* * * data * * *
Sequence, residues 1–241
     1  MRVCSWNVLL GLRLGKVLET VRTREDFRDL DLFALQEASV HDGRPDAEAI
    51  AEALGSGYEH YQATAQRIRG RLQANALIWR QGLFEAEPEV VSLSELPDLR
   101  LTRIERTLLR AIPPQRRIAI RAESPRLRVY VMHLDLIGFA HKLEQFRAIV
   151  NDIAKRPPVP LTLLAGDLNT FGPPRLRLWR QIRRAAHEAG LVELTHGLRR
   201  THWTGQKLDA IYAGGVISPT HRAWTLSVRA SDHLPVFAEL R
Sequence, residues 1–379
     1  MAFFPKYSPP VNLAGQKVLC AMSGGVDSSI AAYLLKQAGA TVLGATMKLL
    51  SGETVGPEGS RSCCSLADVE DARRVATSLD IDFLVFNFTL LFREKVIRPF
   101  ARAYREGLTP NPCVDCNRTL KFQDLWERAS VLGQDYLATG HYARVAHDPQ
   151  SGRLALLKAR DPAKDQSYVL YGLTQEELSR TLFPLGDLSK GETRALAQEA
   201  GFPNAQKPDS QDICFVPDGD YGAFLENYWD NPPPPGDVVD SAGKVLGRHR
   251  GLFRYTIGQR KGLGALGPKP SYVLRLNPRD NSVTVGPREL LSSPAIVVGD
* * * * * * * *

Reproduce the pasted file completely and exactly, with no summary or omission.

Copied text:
Sequence, residues 1–241
     1  MRVCSWNVLL GLRLGKVLET VRTREDFRDL DLFALQEASV HDGRPDAEAI
    51  AEALGSGYEH YQATAQRIRG RLQANALIWR QGLFEAEPEV VSLSELPDLR
   101  LTRIERTLLR AIPPQRRIAI RAESPRLRVY VMHLDLIGFA HKLEQFRAIV
   151  NDIAKRPPVP LTLLAGDLNT FGPPRLRLWR QIRRAAHEAG LVELTHGLRR
   201  THWTGQKLDA IYAGGVISPT HRAWTLSVRA SDHLPVFAEL R
Sequence, residues 1–379
     1  MAFFPKYSPP VNLAGQKVLC AMSGGVDSSI AAYLLKQAGA TVLGATMKLL
    51  SGETVGPEGS RSCCSLADVE DARRVATSLD IDFLVFNFTL LFREKVIRPF
   101  ARAYREGLTP NPCVDCNRTL KFQDLWERAS VLGQDYLATG HYARVAHDPQ
   151  SGRLALLKAR DPAKDQSYVL YGLTQEELSR TLFPLGDLSK GETRALAQEA
   201  GFPNAQKPDS QDICFVPDGD YGAFLENYWD NPPPPGDVVD SAGKVLGRHR
   251  GLFRYTIGQR KGLGALGPKP SYVLRLNPRD NSVTVGPREL LSSPAIVVGD